Armenian Genocide Resolution: President Obama and the price of moral courage
The Armenian Genocide Resolution passed by a House committee last week merely asks Obama to tell the truth. Given Turkey’s strategic importance, that will be hard to do.
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The drafted, debated, signed-and-sent-to-parliaments document makes no reference to the Karabakh issue. Armenians saw Turkey’s introduction of this controversy into the protocol talks (after they were signed) as unacceptable. Washington diplomats – mindful of the delicate and protracted negotiations over Karabakh – encouraged Turkey to seek harmony with Armenia “without preconditions” – or in this case, “postconditions.”Skip to next paragraph
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Nonetheless, members of Congress debating HR252 last Thursday and indeed Clinton herself in subsequent statements, seemed either uninformed or dismissive of the reality that “normalization” has reverted to the unfortunate normal state of acrid dislike between Armenia and Turkey.
Clinton’s claim that endorsing the resolution would damage the protocol process plays perfectly into Turkey’s position as the aggrieved nation. Neither she nor the Turks concede that the attempt at reconciliation has been a blunder that not only hasn’t worked, but has torn scabs off wounds that irritate the Turkey-Armenia healing process. What was meant to be a document uniting nations has left the republics divided. And while open borders were intended, closed minds have prevailed.
The process has also split Armenia’s vast diaspora and has been a source of division domestically – in a cantankerous country that needs no encouragement to divide its diminished self. A large segment of the Armenian diaspora rejected the protocols from the start. (Significantd diaspora institutions endorsed the document, but their support was muted compared to contrary outcry.)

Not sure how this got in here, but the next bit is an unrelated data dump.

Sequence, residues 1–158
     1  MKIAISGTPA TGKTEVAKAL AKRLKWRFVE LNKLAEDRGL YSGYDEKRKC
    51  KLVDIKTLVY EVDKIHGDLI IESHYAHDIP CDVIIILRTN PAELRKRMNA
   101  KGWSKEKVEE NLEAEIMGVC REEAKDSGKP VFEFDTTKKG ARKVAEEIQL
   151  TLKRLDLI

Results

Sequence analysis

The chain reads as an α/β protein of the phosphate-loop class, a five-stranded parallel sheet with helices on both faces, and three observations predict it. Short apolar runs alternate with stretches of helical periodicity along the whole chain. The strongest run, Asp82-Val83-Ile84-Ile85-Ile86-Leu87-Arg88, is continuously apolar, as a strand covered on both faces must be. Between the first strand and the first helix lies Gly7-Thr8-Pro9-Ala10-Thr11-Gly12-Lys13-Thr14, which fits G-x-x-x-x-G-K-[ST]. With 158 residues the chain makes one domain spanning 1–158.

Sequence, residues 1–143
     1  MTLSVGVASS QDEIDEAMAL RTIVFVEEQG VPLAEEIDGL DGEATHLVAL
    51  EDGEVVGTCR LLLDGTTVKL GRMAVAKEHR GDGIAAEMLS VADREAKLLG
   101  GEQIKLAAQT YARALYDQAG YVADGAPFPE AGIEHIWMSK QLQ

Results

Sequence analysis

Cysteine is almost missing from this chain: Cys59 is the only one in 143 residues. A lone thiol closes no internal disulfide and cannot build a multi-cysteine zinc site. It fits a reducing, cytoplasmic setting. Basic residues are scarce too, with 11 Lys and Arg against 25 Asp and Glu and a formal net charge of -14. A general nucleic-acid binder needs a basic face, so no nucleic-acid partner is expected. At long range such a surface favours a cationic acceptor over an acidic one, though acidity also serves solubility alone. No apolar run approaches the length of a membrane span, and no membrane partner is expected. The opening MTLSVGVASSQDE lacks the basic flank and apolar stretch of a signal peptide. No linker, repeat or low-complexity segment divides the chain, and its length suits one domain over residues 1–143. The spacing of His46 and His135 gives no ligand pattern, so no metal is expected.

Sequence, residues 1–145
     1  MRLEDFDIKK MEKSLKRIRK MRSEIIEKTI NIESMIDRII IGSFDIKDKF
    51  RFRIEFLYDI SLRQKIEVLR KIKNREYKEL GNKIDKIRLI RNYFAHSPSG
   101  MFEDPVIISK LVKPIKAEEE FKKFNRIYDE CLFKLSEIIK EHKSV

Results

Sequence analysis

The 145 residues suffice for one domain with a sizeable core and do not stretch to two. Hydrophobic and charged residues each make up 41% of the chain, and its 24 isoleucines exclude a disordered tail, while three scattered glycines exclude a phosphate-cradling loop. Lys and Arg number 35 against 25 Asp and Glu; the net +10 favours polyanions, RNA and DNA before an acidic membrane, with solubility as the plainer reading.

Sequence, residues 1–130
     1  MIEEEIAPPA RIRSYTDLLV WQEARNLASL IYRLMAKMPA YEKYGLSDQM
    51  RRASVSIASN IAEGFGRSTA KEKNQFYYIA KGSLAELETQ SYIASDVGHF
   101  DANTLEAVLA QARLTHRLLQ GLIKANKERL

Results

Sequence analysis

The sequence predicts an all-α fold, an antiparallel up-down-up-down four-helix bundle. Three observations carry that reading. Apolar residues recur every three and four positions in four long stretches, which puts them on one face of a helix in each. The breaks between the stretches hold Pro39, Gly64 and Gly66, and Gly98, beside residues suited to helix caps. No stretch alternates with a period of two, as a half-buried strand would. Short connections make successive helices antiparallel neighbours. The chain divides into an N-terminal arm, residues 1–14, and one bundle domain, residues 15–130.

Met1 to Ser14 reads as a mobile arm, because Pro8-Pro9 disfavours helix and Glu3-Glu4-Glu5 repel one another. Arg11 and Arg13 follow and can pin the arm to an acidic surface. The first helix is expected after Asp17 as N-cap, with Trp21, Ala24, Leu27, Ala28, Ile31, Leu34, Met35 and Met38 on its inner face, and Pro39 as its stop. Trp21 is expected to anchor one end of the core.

Opponents contested a clause that calls for a “historical commission” to explore what happened from 1915 to 1923 in the Ottoman Empire. They reasoned that such a commission would cast doubt on (as candidate Obama called it) the “overwhelming body of historical evidence” and in doing so would betray lost souls to whom nearly every Armenian can trace a link.
The diaspora is unhappy. The natives are uncertain. Turkey is stonewalling. Azerbaijan is threatening war. Is this the “normalization” the State Department envisioned?
The Obama administration won’t call genocide by its ugly but scientifically-deserved name because Ankara effectively said to Washington in March what it said to Yerevan last October: “Share our blindness to history so that we all might squint our way to a brighter future.”
By passing this resolution, a congressional committee has hurt Turkey’s feelings, and the resulting pout could harm American interests. Moral courage carries a higher price than the US can afford.
This resolution – like similar ones before it – will be stopped from going any further. Convenience will trump conscience because Turkey’s importance to US strategic interests is too great. Armenia, landlocked, crippled by Post-Soviet-Syndrome and a soaring national debt, offers nothing – except a share in the just side of moral judgment. All it takes is a word that, again, won’t be spoken by the world’s most influential voice.
American journalist John Hughes is founder and Editor in Chief of ArmeniaNow internet daily in Yerevan, Armenia.